In yet another sign that the global wealth gap is expanding, millionaires are set to possess nearly half the world's wealth by 2019. BostonConsulting Group's annual Global Wealth report says that in 2014 there were 17 million millionaires in the world, up from 15 million in 2013, and they now account for 41% the world's $164 trillion in private wealth, which is expected to rise to 46% share by 2019. The report defines wealth as fairly liquid assets like cash, stocks, securities, bonds or pensions, and excludes real estate or business ownership.
"The wealthier are getting more and more wealthy," BCG partner and managing director Anna Zakrzewski told MSNBC. "They have a much larger share of their wealth invested in equity markets and last year was a good year for market performance."
In another indication that those gaining wealth are making money from money itself, the report says 73% of the world's gains in private wealth in 2014 came from gains on existing assets rather than the creation of new wealth or business. This echoes predictions of economist Thomas Piketty’s "Capital in the 21st Century", predicted that inherited wealth — all those "existing assets" — would be the basis of ever-more-unequal wealth distributions concentrated upwards.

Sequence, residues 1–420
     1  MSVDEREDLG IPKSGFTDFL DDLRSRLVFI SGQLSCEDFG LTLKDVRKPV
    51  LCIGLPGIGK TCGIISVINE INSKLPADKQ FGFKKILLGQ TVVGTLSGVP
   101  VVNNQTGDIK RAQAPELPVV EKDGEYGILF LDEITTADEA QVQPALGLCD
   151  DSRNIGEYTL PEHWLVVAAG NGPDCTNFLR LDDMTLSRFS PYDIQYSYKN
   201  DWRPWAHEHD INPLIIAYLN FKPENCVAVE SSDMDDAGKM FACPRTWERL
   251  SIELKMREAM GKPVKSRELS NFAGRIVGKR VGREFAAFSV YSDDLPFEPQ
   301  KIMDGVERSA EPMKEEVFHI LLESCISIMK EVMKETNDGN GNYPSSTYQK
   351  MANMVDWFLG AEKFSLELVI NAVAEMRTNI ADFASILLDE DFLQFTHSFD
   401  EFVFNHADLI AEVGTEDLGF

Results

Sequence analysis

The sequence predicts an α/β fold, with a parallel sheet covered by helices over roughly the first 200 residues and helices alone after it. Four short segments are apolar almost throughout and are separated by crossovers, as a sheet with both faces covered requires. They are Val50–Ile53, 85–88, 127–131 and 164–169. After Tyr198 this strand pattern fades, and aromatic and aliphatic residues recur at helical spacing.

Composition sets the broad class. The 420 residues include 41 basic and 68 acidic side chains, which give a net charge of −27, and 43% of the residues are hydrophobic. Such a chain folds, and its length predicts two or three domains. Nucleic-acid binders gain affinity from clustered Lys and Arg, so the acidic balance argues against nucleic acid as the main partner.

North America accounted for $50.8 trillion in private wealth, while the Asian Pacific region (excluding Japan for the purposes of BCG's report) had $47 trillion, and Europe weighed in with $39.6 trillion.
In all, the world gained over 2 million millionaires last year, and more than half of those were created in China alone. The United States still has the highest number of millionaires — with 6.9 million, but even though that number grew by 4.7% last year. China came in second, with 3.6 million millionaires. Japan, the UK and Switzerland (which had most millionaires per capita) rounded out the Top 5. Bahrain had the second highest concentration of millionaires, followed by Qatar, Singapore and Kuwait.